I actually have a problem with FCLO as Cod are quickly becoming endangered due to over-fishing. We need to find more sustainable sources of nutrition. D3 is something you can make for yourself through sun expoure or full spectrum lighting every day. I don’t use sunscreen, moderate sun exposure and full spectrum lighting. Don’t get quite so hung up on synthetic supplements. The cheaper synthetic supplements do work if you’ve got a malabsorption issue and a tight budget. You’ll still make healthy progress without breaking the bank. And all the flap about canned, frozen, fresh is degrees of symantics. I’ve worked with folks on very low budgets, food stamps/food pantry food. Even a shift to plain canned veggies and fruit (NOT sugary fruit) has made significant health improvements over pre-packaged, highly processed ‘food analogs’.
Yum! (yogurt works great FYI) 🙂
So much fun and such good reminders of ways to get/keep the kids involved. I needed that reminder!
Great ideas – will be trying the variations for sure. I literally was just talking about freezer treats on my post today. Perfect timing!
One of my favorite snack memories as a kid is popsicles my mom made with yogurt, banana, OJ concentrate and honey. We love homemade kefir and drink it a couple times a week with banana and frozen berries whizzed in–a little raw honey added only if strawberries are unusually tart. However, with 5 kids drinking it, mom tries to lick the pitcher to get any to herself, so none leftover for popsicles! My plan for tomorrow with friends coming over is to thaw a mix of frozen berries and maybe some pineapple enough to blend slightly and then pour into popsicle molds and refreeze. Would have added a bit of yogurt too, but the kids (and I) just finished up all that except what I need to make more! The coconut milk is a good idea.
Homemade sugar-free Fudgcicles
5 bananas (I used only 4 because that is all I had)
1 cup coconut milk (I use Thai Kitchen brand because they don’t use preservatives in their canned milk)
½ cup of cocoa powder
1 teaspoons vanilla
Add the ingredients to a food processor. Blend until quite smooth, scraping down the sides as needed. Pour into individual freezer pops and freeze until well set (at least 4 hours).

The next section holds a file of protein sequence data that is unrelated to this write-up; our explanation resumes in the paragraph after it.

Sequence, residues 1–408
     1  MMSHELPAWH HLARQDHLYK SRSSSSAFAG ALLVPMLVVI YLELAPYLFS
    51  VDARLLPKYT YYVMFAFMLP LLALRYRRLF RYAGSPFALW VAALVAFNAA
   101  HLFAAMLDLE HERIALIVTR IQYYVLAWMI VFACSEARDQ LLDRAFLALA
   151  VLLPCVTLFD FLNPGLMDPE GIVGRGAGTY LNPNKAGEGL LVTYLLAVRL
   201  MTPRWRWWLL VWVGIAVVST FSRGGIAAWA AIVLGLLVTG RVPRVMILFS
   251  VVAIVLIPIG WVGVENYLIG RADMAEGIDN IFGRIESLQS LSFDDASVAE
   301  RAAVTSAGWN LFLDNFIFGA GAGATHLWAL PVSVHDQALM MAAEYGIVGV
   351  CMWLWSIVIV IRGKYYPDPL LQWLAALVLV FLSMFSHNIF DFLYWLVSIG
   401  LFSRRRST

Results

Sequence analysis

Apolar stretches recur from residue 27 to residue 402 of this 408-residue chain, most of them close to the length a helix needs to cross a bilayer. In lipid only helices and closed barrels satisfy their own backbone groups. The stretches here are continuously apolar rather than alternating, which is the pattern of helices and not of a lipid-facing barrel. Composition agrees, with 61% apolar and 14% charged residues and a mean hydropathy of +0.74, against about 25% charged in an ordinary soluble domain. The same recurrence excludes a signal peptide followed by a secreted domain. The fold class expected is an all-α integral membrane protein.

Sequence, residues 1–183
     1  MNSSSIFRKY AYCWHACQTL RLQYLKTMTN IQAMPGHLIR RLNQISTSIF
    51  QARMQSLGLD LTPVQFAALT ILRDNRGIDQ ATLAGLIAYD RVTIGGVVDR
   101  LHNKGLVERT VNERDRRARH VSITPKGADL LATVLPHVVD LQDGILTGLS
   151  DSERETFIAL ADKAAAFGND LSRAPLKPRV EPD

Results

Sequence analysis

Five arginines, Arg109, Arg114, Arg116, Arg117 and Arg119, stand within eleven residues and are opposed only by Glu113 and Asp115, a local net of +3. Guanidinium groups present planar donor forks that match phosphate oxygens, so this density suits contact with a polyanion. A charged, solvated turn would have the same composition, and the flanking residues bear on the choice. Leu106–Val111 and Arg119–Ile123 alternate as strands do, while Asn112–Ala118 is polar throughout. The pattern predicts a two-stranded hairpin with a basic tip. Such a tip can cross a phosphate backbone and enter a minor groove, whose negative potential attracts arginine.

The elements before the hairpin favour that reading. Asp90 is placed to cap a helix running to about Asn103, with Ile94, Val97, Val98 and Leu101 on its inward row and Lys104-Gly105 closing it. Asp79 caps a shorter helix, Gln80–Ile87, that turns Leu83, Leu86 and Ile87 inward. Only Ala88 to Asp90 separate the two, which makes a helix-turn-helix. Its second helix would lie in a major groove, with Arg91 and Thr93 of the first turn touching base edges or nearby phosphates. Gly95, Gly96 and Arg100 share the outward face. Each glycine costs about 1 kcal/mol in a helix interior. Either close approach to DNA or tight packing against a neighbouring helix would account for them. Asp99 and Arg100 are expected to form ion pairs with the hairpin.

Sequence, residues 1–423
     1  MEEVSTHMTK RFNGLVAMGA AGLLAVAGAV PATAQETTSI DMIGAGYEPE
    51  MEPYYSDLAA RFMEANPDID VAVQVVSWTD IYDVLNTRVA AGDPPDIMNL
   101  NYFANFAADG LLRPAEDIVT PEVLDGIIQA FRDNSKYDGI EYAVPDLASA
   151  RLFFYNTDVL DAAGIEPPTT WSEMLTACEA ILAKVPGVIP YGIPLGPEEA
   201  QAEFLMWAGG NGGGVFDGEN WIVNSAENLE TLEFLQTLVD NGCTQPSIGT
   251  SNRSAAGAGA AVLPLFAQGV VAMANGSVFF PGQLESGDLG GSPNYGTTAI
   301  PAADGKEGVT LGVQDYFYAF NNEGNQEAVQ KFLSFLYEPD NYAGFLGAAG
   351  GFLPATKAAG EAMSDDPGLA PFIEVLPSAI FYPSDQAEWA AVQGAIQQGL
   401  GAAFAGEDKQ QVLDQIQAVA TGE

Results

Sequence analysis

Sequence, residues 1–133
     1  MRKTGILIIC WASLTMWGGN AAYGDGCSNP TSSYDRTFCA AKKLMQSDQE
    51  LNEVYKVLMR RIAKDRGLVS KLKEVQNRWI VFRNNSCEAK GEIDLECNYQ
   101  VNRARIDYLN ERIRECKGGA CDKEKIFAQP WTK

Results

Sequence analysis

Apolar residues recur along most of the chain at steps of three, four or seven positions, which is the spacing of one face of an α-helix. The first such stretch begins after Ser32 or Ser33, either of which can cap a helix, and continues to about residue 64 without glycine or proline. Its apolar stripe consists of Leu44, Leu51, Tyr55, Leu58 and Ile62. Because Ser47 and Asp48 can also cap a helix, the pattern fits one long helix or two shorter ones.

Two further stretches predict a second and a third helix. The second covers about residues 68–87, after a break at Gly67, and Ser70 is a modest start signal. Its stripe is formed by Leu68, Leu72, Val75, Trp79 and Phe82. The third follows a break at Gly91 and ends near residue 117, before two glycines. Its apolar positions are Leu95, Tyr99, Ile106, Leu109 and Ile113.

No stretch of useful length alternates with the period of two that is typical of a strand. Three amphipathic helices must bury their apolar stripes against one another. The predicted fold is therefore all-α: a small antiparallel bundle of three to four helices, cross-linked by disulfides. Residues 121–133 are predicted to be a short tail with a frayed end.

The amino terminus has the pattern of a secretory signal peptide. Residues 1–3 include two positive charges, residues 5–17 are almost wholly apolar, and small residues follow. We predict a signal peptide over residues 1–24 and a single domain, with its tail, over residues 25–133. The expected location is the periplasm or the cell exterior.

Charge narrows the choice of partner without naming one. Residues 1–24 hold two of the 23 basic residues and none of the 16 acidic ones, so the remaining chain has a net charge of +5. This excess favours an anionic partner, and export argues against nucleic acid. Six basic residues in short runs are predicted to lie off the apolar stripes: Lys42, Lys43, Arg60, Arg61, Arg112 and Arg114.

I make dairy-free ice cream with this recipe. The only difference is that I start out with frozen bananas. I blend them with cocoa powder, raw honey and enough coconut milk to end up with a soft serve ice cream texture. My kids love it as “ice cream” or Popsicles. I think my kids purposely try to let the last few bananas get overripe in hopes of chocolate Popsicles.
My oldest is only 2, but she demands to “help” every time I’m making something (which basically means standing on a chair next to me and trying to chop vegetables with a butter knife). She knows the names of lots of veggies, and pretends to make soup and feed it to everyone (her dolls, her baby sister, myself, Dada even when he isn’t home). She’s also started to pretend to make salads. You know you’re on GAPS when your 2 year old spends hours playing “soup”!
I just posted some of my ideas about this this a.m.
I love these! Thanks for sharing! I think we’ll try some and add some flavored water kefir. Probiotics and popcicles in one!
We love snow cones this time of year, so I’m trying to figure out a real food version of flavoring syrup.
Oooo, that’s a good one. I wonder if 100% fruit juice would reduce over a long time on the stove?
Good luck! 🙂 Katie
Homemade popsicles are always best! Thanks for sharing your recipes and what didn’t work too.
I just recently made homemade chicken nuggets with my kids. They had fun dipping the chicken in the butter and breading.
My 4 year old loves helping in the kitchen. We started with the easy stuff, pouring and mixing. Every Sunday before church we make pancakes or waffles. At this point he knows the list of ingredients we need and can sort them between the wet and dry. Now I’m working on the measurements with him.
For dinners he’ll help anyway he can. I have a lettuce knife that he uses to cut up veggies. He even does potatoes with that knife, it takes him awhile, but gives me the time to get the rest of the dinner going.
We did the same thing last night with popsicles, though I wish I would have thought of the ice cubes for taste testing. We did a yogurt, peach, strawberry one which was good. Then he wanted to try a yogurt,chocolate, peanut butter one and he didn’t like it too much. I’ll end up eating that as DH didn’t like it either. I think it tastes pretty good, but they really weren’t for me.
My little guy is young enough he doesn’t really know what a popsicle “should” taste like but anytime I make a smoothie for breakfast I dump the extra into popsicle molds. They usually freeze very well and it leaves a great treat that he loves, I feel good about giving him and that I don’t mind sharing with him (although my husband is a little turned off by “green popsicles”). Its great too because I don’t have to get the blender dirty again!